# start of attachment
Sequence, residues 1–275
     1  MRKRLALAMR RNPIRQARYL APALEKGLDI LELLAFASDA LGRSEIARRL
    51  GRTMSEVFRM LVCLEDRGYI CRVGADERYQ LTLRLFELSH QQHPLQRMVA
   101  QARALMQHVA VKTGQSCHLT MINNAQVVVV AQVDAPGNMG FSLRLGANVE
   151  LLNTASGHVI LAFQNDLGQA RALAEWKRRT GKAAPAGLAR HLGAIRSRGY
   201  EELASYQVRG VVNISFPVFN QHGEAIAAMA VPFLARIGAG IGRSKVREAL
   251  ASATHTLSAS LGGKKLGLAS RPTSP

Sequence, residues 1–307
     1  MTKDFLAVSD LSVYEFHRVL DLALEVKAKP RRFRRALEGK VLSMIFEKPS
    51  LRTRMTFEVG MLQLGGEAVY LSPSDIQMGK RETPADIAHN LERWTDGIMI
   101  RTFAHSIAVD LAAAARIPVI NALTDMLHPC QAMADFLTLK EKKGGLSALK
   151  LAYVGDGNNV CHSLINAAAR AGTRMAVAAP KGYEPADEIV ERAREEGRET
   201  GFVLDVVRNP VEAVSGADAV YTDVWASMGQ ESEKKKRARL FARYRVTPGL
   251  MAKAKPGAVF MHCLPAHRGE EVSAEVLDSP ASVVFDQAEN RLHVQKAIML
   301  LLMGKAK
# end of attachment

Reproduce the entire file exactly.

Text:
Sequence, residues 1–275
     1  MRKRLALAMR RNPIRQARYL APALEKGLDI LELLAFASDA LGRSEIARRL
    51  GRTMSEVFRM LVCLEDRGYI CRVGADERYQ LTLRLFELSH QQHPLQRMVA
   101  QARALMQHVA VKTGQSCHLT MINNAQVVVV AQVDAPGNMG FSLRLGANVE
   151  LLNTASGHVI LAFQNDLGQA RALAEWKRRT GKAAPAGLAR HLGAIRSRGY
   201  EELASYQVRG VVNISFPVFN QHGEAIAAMA VPFLARIGAG IGRSKVREAL
   251  ASATHTLSAS LGGKKLGLAS RPTSP

Sequence, residues 1–307
     1  MTKDFLAVSD LSVYEFHRVL DLALEVKAKP RRFRRALEGK VLSMIFEKPS
    51  LRTRMTFEVG MLQLGGEAVY LSPSDIQMGK RETPADIAHN LERWTDGIMI
   101  RTFAHSIAVD LAAAARIPVI NALTDMLHPC QAMADFLTLK EKKGGLSALK
   151  LAYVGDGNNV CHSLINAAAR AGTRMAVAAP KGYEPADEIV ERAREEGRET
   201  GFVLDVVRNP VEAVSGADAV YTDVWASMGQ ESEKKKRARL FARYRVTPGL
   251  MAKAKPGAVF MHCLPAHRGE EVSAEVLDSP ASVVFDQAEN RLHVQKAIML
   301  LLMGKAK